All the ways the huge 'Spider-Man' news reminds us of high school
Even if you aren’t a huge comic book fan, you know who Spider-Man is. The red-and-blue Spandex suit; the upside-down kiss with Mary Jane Watson; the five movies already made about the character.
Hold up: what? That’s right — even though most of our now-familiar supes have recently suited up for two or three films, Spider-Man has been on the big screen five times over the past thirteen years. Tobey Maguire and Andrew Garfield both had star-making turns as the iconic character, but as they’ve grown up, the character has too.
Sony Pictures, which had the rights to the character and released all five of the aforementioned films, and Marvel Studios, which booted the superhero movie genre into high gear (from Iron Man to Guardians of the Galaxy), recently cut a deal to bring Spider-Man into the Marvel Cinematic Universe (MCU) and with it, to release a slew of new Spidey films. And the first movie is going to be tackling something scary that we can all relate to: high school.
And Spidey isn’t just going back to high school in the literal, that’s-the-actual-plot-of-the-movie sense. His transition to the Marvel world is actually a lot like going to high school IRL. Not seeing it? Let us break it down:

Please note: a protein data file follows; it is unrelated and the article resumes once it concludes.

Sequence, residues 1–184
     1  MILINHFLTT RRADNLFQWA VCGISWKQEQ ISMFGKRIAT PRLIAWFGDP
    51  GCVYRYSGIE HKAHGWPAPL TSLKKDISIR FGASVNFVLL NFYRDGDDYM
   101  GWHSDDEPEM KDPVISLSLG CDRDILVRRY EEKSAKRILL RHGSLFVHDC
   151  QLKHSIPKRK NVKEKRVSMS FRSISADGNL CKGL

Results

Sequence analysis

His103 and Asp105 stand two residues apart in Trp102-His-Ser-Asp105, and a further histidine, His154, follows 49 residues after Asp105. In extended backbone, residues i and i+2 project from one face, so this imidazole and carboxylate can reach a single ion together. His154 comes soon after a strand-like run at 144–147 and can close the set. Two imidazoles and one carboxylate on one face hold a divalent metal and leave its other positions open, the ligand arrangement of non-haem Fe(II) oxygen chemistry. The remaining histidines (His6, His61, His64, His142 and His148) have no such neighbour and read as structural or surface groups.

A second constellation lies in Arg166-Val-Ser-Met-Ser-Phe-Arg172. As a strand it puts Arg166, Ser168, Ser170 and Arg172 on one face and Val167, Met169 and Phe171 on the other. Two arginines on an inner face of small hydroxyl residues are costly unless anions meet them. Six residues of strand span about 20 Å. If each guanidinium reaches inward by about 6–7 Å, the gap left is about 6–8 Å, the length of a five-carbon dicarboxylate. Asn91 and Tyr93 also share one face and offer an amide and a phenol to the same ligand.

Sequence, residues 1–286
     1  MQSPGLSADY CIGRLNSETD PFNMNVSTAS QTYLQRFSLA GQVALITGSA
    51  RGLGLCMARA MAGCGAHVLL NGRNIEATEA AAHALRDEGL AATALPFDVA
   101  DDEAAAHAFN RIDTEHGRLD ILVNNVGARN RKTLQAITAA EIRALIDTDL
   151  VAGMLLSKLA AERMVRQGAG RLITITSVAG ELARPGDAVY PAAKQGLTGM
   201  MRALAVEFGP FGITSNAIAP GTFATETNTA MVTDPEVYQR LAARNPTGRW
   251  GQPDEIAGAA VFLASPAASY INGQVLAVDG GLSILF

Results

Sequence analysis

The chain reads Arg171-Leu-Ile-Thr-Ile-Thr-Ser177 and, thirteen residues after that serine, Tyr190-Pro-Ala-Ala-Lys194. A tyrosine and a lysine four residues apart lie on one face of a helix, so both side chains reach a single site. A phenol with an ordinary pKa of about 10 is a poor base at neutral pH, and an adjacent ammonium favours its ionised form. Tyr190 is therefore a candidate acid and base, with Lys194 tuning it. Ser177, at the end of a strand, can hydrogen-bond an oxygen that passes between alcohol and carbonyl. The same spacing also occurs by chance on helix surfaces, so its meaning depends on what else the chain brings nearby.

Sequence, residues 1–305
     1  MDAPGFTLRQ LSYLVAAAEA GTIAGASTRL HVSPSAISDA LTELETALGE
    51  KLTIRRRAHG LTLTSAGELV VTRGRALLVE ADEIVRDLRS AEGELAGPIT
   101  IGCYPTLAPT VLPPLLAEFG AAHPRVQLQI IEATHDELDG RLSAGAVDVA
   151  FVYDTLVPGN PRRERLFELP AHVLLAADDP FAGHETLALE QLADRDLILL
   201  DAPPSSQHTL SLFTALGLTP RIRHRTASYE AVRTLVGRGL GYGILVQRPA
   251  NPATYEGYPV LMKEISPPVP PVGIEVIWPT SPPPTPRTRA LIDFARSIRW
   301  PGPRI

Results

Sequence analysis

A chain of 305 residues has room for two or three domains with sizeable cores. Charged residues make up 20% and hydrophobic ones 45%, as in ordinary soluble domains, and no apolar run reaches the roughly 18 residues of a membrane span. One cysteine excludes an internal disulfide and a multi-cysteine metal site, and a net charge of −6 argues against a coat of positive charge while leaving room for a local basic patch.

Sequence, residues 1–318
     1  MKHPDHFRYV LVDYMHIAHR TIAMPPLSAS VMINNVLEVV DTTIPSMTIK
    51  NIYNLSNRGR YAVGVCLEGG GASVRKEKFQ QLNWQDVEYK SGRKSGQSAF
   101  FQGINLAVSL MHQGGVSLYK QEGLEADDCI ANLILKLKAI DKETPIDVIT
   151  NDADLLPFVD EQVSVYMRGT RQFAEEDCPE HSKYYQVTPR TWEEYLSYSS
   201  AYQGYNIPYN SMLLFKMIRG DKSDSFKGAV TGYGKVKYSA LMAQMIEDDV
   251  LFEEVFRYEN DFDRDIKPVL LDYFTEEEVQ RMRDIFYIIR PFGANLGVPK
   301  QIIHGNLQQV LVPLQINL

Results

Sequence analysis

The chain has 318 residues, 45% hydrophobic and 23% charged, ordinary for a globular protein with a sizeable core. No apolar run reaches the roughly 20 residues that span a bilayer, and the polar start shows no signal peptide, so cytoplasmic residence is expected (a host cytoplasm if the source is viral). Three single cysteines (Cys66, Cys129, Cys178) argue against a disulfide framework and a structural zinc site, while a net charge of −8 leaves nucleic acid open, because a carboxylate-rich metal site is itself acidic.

He’s going to a new school…figuratively speaking.
Despite being a Marvel comics character, the film rights for Spider-Man went on sale in 1985 and landed at Sony Pictures. Since then, the studio has basically been making the same films over and over again: origin story, hopeless crush-turned-romance, big bad villains. Now that he’s part of the MCU, Peter Parker has the entire world, nay, universe, to explore. What makes it a bigger deal is that he has the potential to link up with some of pop culture’s biggest names (more on that later).
Take out the supernatural elements, and that sounds a lot like high school. High school is a milestone — for many people, this is their introduction into the upper- and lowerclassmen dynamics, as well as a much bigger course catalog. It’s totally overwhelming and exciting at the same time, and totally changes the way you’ll feel about yourself and your place in the world.